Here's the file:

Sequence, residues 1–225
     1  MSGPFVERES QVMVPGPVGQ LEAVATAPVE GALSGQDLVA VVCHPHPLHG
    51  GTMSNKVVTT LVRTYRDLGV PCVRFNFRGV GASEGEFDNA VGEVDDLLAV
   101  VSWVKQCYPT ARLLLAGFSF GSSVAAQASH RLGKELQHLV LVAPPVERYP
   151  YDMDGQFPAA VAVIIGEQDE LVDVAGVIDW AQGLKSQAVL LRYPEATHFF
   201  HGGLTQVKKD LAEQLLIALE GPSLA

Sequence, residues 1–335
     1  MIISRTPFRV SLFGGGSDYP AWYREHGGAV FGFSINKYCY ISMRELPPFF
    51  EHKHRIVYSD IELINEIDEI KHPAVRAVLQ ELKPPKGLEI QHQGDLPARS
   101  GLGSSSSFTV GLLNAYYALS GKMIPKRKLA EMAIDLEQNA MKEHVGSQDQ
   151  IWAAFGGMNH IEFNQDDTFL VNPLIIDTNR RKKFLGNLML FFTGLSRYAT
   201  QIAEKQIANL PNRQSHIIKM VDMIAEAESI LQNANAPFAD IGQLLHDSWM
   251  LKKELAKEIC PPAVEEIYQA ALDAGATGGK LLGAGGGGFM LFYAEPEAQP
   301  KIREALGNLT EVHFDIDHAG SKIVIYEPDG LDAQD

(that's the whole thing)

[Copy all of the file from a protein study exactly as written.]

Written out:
Sequence, residues 1–225
     1  MSGPFVERES QVMVPGPVGQ LEAVATAPVE GALSGQDLVA VVCHPHPLHG
    51  GTMSNKVVTT LVRTYRDLGV PCVRFNFRGV GASEGEFDNA VGEVDDLLAV
   101  VSWVKQCYPT ARLLLAGFSF GSSVAAQASH RLGKELQHLV LVAPPVERYP
   151  YDMDGQFPAA VAVIIGEQDE LVDVAGVIDW AQGLKSQAVL LRYPEATHFF
   201  HGGLTQVKKD LAEQLLIALE GPSLA

Sequence, residues 1–335
     1  MIISRTPFRV SLFGGGSDYP AWYREHGGAV FGFSINKYCY ISMRELPPFF
    51  EHKHRIVYSD IELINEIDEI KHPAVRAVLQ ELKPPKGLEI QHQGDLPARS
   101  GLGSSSSFTV GLLNAYYALS GKMIPKRKLA EMAIDLEQNA MKEHVGSQDQ
   151  IWAAFGGMNH IEFNQDDTFL VNPLIIDTNR RKKFLGNLML FFTGLSRYAT
   201  QIAEKQIANL PNRQSHIIKM VDMIAEAESI LQNANAPFAD IGQLLHDSWM
   251  LKKELAKEIC PPAVEEIYQA ALDAGATGGK LLGAGGGGFM LFYAEPEAQP
   301  KIREALGNLT EVHFDIDHAG SKIVIYEPDG LDAQD